When you are looking to sell, or purchase a home, you will need someone to take care of the legalities of the house move. This is referred to as the conveyancing process.
So what do we mean by Conveyancing?
The process of conveyancing involves legally transferring the ownership of a home from the current owners to the new buyers, and is a process taken care of by a solicitor or conveyancer. Both the seller and the purchaser will appoint their own solicitor to take care of their side of the transaction.
You will need to have your solicitor or conveyancer in place as soon as you reach the point of either making or receiving an offer on a property, therefore the earlier in the process you instruct a conveyancer the better prepared you are.
For sellers, having solicitors in place early means the solicitor has more time to prepare the documents that you need to complete, including pre-contract enquiries, that provide the solicitor with extra information about the property being sold. By receiving these forms early, the seller is also providing themselves with plenty of opportunity to gather any information they may require to complete the forms.
Ryder & Dutton have relationships with local conveyancing firms that will work on A No Completion, No Legal Fee Guarantee, meaning you can instruct your conveyancer early without having to worry about a hefty legal bill if your transaction does not proceed to completion, as no legal costs will be charged (this excludes fixed disbursements and the cost of additional work which may, by agreement, be charged).
We use local solicitors you can trust with many years experience in dealing with conveyancing who will do all they can to ensure your transaction proceeds as quickly and smoothly as possible.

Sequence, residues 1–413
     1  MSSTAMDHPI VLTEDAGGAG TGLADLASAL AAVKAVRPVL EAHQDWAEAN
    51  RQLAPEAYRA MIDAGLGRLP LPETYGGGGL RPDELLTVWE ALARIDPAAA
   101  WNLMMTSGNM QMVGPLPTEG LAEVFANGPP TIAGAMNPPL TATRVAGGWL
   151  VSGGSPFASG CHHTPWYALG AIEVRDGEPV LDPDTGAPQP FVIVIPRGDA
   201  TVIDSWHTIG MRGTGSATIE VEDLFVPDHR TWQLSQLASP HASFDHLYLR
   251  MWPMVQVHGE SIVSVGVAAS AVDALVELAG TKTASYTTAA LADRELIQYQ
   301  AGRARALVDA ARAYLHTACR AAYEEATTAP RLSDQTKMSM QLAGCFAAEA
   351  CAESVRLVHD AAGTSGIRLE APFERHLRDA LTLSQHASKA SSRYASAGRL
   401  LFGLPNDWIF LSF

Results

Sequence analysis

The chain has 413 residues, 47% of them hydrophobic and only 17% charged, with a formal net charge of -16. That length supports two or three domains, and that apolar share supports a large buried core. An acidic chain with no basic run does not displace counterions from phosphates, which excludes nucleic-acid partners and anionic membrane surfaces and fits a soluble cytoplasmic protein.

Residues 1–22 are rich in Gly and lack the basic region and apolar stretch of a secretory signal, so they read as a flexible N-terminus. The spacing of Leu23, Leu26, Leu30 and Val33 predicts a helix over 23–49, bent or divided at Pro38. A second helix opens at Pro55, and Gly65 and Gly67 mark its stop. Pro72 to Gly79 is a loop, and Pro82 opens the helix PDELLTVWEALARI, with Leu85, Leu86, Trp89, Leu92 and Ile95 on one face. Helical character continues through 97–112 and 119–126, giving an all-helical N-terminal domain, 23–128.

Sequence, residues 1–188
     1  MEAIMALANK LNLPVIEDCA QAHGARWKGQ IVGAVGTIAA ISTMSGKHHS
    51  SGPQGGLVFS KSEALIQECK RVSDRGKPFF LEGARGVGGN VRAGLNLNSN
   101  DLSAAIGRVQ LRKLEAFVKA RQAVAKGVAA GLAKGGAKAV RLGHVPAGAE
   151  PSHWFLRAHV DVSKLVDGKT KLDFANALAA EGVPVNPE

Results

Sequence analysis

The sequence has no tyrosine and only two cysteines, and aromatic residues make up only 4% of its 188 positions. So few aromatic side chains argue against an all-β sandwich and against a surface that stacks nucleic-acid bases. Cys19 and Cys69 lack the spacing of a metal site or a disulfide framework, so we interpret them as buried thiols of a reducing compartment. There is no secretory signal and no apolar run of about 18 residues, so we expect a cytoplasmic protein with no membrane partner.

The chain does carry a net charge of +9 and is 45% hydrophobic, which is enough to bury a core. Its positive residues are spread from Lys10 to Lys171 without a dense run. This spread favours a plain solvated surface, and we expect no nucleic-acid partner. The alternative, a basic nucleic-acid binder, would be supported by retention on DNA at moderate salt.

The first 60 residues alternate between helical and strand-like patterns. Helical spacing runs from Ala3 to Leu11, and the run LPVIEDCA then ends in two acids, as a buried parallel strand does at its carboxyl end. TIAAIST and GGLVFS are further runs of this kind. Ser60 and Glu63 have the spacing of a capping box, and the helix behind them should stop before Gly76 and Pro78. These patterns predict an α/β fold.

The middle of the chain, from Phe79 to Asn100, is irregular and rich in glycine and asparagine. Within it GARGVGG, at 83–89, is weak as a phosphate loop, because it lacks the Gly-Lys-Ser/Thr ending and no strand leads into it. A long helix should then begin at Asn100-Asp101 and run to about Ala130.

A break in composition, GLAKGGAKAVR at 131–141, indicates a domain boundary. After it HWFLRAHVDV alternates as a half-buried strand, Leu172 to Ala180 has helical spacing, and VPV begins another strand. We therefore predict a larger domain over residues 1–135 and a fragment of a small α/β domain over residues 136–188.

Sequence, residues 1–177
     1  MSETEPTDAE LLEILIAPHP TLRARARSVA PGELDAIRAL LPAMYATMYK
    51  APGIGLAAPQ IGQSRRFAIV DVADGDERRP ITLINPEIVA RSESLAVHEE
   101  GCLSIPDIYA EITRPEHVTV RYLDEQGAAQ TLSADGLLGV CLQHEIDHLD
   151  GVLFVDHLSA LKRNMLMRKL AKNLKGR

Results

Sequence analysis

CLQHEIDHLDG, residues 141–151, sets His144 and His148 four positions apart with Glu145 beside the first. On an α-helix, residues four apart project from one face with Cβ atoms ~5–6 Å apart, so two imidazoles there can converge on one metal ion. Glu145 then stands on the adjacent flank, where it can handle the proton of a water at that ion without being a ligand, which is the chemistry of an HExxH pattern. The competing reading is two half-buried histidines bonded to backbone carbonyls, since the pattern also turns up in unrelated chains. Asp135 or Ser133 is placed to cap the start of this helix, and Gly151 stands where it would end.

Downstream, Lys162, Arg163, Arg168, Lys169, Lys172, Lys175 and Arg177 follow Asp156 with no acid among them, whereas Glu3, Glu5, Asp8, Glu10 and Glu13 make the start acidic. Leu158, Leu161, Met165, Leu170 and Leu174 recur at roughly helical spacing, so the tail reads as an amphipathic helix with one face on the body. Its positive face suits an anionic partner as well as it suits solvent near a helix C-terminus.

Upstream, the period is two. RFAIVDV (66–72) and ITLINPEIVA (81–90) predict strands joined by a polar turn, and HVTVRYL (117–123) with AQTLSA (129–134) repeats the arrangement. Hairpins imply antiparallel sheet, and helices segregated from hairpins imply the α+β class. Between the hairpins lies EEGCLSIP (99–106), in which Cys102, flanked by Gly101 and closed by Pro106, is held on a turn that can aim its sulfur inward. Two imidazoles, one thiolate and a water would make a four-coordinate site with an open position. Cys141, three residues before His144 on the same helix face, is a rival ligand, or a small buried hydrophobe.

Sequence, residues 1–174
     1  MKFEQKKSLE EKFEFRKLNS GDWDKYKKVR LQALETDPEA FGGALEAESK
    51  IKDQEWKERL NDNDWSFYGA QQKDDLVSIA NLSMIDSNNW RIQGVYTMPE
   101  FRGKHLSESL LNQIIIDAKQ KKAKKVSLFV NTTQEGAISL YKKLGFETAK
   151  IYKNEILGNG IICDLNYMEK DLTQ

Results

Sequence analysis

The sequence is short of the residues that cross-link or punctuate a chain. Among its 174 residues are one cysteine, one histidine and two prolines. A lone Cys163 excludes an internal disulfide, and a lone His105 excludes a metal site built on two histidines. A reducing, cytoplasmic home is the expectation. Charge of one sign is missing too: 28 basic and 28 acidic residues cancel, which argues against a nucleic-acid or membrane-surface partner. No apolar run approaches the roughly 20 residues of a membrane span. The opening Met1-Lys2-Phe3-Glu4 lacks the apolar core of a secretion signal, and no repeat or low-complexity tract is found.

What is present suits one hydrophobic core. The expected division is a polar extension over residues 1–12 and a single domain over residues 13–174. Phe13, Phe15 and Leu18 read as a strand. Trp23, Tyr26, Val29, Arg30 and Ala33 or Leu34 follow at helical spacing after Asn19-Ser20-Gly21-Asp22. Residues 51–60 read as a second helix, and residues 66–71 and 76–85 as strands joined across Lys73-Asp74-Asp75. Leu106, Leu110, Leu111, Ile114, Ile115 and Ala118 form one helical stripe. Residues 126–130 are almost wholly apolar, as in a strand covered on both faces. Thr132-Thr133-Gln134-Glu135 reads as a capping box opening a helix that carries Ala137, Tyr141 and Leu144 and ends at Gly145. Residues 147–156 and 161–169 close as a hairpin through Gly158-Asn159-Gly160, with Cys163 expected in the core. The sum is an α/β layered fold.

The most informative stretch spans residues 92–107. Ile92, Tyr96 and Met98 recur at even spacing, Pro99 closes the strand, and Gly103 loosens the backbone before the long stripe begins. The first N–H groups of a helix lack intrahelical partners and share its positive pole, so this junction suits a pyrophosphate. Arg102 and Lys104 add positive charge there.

As soon as a price has been agreed for a property and both parties have instructed solicitors, draft contracts can be issued. These are drawn up by the seller’s solicitor and sent to the purchasers solicitor.
The purchasers solicitor can raise something known as enquiries which are standard questions about the property. These enquiries are often answered by the pre-contact enquiries form that the seller completed at the outset of the transaction, however the buyer may wish to raise additional enquiries in relation to matters not dealt with in the standard enquiries.
The purchasers solicitor will also check the properties ‘title register’ and ‘title plan’ at the Land Registry – these are the legal documents proving the seller’s ownership. Your solicitor will deal with the Land Registry, to register the ownership of land or property into the new purchaser’s name.
The purchasers solicitor will undertake searches. Searches are a method of checking matters that may affect the property and include a Local Authority Search which covers items such as planning applications and building regulations. It is worth remembering that the Local Search covers the property, not the surrounding area. Other searches include a coal mining search, Water authority search and Environmental search. There are other searches that you can obtain and your solicitor will advise you what searches they feel you require, as this may vary between areas and properties.
Your solicitor will provide any legal advice that may be required in connection to the sale or purchase of a property.
Solicitors are unable to finalise the sale until the contracts, enquiries, additional enquiries, fixtures and fittings lists and arrangements for the purchasers to pay their deposit have all been satisfactorily completed. Once this has all been done, dates can be agreed between all parties to exchange and complete.
Once you have exchanged contracts you will be in a legally binding contract to buy the property with a fixed date for moving.